Epilepsy in dogs: Symptoms, treatment, and managing care

March 8, 2024 - 5 min read

The information in this article has been reviewed by Dr. Jennifer Coates, DVM on March 1, 2024 . Although it may provide helpful guidance, it should not be substituted for professional veterinary advice.

A Pembroke Welsh Corgi with a tan and white coat, stands in profile against a dark green background. The Corgi has large, pointed ears, a happy expression, and a pink doodle circling around its head, indicating a focus on epilepsy, which the breed is prone to.

Epilepsy, a neurological disorder characterized by seizures, affects dozens of species, from humans to birds. The condition is also the most common neurological disorder in dogs—a fact that many pet parents first discover only after they’ve seen their furry friend in the grips of an epileptic episode.

Here’s the good news: With dedicated veterinary care and the right medication plan, it's very possible for dogs with epilepsy to lead joyful, fulfilling lives. Let’s dive in. 

What is epilepsy in dogs?

Epilepsy is a brain disorder that causes dogs to have unexpected, uncontrolled seizures. These seizures can vary widely in both frequency and intensity.

The condition is generally classified into two main types: primary (idiopathic) epilepsy, which has no identifiable cause and is often believed to be inherited, and acquired epilepsy, where there's an underlying cause such as a brain tumor or injury.

Type of epilepsy in dogs Cause
Primary (idiopathic) epilepsy No identifiable cause, potentially hereditary
Acquired epilepsy Potentially caused by a brain tumor, injury, environmental factors, exposure to toxins, etc.

Symptoms of epilepsy in dogs

Symptoms of epilepsy in a dog can be mild, such as brief moments of confusion or staring. But they can also be much more severe, involving intense shaking and loss of consciousness.

Some dogs may exhibit pre-seizure behavior, known as an “aura,” where they appear restless, whine, or seek out their owner. It can also take dogs a while to recover from a seizure, during which time they may be disoriented, unsteady on their feet, and sluggish.

Here’s what you should look out for:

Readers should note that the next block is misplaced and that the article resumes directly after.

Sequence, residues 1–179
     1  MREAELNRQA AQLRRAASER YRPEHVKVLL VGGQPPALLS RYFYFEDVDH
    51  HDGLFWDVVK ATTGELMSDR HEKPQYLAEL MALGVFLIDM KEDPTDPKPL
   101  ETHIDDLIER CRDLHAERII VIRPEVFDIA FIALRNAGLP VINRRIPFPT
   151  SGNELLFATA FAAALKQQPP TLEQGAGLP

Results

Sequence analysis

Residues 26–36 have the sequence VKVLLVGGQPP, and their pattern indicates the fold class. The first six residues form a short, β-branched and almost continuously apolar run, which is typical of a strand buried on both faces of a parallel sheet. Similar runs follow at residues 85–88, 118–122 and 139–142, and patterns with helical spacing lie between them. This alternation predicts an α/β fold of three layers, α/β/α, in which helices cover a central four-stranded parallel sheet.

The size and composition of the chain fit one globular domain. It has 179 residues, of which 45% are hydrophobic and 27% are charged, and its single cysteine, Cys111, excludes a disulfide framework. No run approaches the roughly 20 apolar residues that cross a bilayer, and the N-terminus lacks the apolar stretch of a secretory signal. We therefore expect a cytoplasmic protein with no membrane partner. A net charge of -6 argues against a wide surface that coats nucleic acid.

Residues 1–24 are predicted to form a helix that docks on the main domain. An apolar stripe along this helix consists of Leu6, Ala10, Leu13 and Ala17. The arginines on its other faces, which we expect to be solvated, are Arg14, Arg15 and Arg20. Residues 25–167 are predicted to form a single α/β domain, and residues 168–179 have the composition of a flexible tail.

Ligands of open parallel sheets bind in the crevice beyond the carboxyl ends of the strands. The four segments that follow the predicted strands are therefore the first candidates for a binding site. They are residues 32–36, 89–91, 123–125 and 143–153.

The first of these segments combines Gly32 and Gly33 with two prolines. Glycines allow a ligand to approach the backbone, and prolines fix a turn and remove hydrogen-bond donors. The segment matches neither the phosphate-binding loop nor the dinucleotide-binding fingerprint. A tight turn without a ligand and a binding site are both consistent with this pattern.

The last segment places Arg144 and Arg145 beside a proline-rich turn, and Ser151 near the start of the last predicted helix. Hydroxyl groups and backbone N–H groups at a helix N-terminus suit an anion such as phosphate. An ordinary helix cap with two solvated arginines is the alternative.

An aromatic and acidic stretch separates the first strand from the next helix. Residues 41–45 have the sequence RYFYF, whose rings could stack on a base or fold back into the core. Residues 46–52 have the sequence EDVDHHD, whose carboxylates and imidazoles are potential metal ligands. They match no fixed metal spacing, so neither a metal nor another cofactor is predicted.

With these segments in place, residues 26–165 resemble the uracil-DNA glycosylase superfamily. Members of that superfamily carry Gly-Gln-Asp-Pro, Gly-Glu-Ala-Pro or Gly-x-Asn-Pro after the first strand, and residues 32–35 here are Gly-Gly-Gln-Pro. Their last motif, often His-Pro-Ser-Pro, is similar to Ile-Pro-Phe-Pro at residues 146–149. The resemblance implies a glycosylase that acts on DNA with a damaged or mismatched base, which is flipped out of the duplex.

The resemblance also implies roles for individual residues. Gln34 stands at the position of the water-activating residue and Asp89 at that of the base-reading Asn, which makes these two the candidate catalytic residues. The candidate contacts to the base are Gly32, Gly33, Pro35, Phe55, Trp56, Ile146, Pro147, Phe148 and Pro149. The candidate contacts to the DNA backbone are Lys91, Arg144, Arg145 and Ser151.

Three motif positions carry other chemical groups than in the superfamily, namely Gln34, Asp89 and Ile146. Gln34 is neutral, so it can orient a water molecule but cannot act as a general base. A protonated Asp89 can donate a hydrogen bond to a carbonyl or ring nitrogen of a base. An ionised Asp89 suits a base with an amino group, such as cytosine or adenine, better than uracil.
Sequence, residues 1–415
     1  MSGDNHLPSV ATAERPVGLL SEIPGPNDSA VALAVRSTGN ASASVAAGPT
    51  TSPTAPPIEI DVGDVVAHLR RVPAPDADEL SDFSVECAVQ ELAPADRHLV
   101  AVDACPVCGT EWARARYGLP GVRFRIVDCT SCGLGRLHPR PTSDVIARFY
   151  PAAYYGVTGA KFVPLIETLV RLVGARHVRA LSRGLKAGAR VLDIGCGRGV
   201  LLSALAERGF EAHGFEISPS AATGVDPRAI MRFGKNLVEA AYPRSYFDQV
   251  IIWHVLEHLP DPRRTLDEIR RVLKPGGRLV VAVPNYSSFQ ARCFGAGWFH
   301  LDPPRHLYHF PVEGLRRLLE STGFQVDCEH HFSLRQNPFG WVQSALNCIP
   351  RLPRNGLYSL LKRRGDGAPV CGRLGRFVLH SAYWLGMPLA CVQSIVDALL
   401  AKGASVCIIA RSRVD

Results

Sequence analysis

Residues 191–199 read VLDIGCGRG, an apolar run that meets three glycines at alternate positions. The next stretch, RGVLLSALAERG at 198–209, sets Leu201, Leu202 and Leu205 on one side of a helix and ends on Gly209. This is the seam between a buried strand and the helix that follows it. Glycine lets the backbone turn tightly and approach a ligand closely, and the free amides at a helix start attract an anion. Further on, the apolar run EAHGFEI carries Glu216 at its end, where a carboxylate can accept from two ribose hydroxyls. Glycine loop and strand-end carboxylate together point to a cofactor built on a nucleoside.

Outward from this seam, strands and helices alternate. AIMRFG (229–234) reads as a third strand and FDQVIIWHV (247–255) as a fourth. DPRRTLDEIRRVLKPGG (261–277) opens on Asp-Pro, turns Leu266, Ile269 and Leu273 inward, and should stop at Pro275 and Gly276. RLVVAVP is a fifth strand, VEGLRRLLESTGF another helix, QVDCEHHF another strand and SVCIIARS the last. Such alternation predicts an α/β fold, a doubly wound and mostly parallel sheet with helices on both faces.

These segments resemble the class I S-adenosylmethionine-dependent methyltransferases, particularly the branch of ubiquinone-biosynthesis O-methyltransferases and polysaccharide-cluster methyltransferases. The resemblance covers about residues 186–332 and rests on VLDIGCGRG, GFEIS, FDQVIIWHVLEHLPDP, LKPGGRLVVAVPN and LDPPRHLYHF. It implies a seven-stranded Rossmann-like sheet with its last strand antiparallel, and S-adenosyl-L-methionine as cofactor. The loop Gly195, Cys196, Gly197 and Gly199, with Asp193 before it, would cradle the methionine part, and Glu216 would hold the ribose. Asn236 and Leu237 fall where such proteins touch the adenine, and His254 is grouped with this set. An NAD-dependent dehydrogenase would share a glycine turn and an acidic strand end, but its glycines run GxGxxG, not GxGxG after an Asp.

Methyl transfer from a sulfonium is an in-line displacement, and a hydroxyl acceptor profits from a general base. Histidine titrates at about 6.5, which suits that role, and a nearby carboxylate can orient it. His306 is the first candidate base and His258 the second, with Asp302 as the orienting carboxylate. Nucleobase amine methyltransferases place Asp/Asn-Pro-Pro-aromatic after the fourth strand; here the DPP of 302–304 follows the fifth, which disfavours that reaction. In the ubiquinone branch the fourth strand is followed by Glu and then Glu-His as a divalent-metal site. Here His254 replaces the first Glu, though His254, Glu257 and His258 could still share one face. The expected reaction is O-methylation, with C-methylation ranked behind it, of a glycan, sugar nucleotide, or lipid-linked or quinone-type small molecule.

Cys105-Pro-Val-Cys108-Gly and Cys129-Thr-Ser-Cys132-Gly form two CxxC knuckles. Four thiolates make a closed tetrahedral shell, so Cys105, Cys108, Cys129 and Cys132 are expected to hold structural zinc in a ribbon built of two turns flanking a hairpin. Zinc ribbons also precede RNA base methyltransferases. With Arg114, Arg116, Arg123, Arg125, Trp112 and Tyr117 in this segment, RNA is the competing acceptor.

• Pre-seizure signs (Aura): Dogs may exhibit changes in behavior or mood just before a seizure occurs. This can include appearing restless, anxious, or seeking comfort from their owner.

  • Types of seizures: seizures can be generalized, affecting the whole body, or focal, affecting only one part of the body or one side. They can also start as focal seizures and then become generalized.

Here are some detailed symptoms during a seizure:

Dog Barking

  • Convulsions: The most recognizable sign, involving uncontrollable muscle movements. Dogs may fall over and paddle their legs as if swimming.

  • Staring: Some dogs may simply stare off into space and be unresponsive to their surroundings.

  • Unusual behavior: Biting at invisible “flies,” tail-chasing, and other odd behaviors can be caused by seizure disorders.

  • Vocalization: Whining, barking, or howling can occur, even if the dog is generally quiet.

  • Drooling or foaming at the mouth: This can be a sign of a more intense seizure.

  • Involuntary urination or defecation: This can occur during a seizure due to a loss of body control.

  • Loss of consciousness: Dogs may collapse and be unable to wake up or respond.

  • Post-seizure behavior (postictal phase): After a seizure, dogs may seem disoriented, confused, or temporarily blind. They may also exhibit excessive thirst or hunger.

Understanding these signs and symptoms can help pet owners respond appropriately during and after their dog’s seizures. If you think your dog has had a seizure and it’s their first one, get them in to see their veterinarian.

The doctor will need to look for underlying causes. It’s also important to keep a detailed record of each subsequent seizure, noting its duration, symptoms, and any potential triggers. This information is invaluable for veterinarians in diagnosing and treating epilepsy effectively.

What causes epilepsy in dogs?

When it comes to epilepsy in dogs, pinpointing the exact cause can be challenging. Idiopathic epilepsy, the most common form, is often genetic, with certain breeds being more predisposed to the condition. 

On the other hand, acquired epilepsy results from identifiable issues such as brain tumors, injuries, or infections. Environmental factors and exposure to toxins can also play a role in triggering seizures.

The diagnosis of epilepsy is a thorough process that begins with a detailed medical history and a physical and neurological examination. Veterinarians may recommend a variety of tests, including lab work, to rule out conditions that could cause seizures. Advanced imaging techniques, such as MRI scans, are crucial for identifying structural brain abnormalities, while an EEG (electroencephalogram) can assess electrical activity in the brain.

Early diagnosis is key to managing epilepsy effectively. By identifying the condition as early as possible, pet owners can work closely with their veterinarians to develop a management plan that minimizes the impact of seizures on their dog's life.

Early diagnosis is key to managing epilepsy effectively. By identifying the condition as early as possible, pet owners can work closely with their veterinarians to develop a management plan that minimizes the impact of seizures on their dog's life.

How is epilepsy treated in dogs?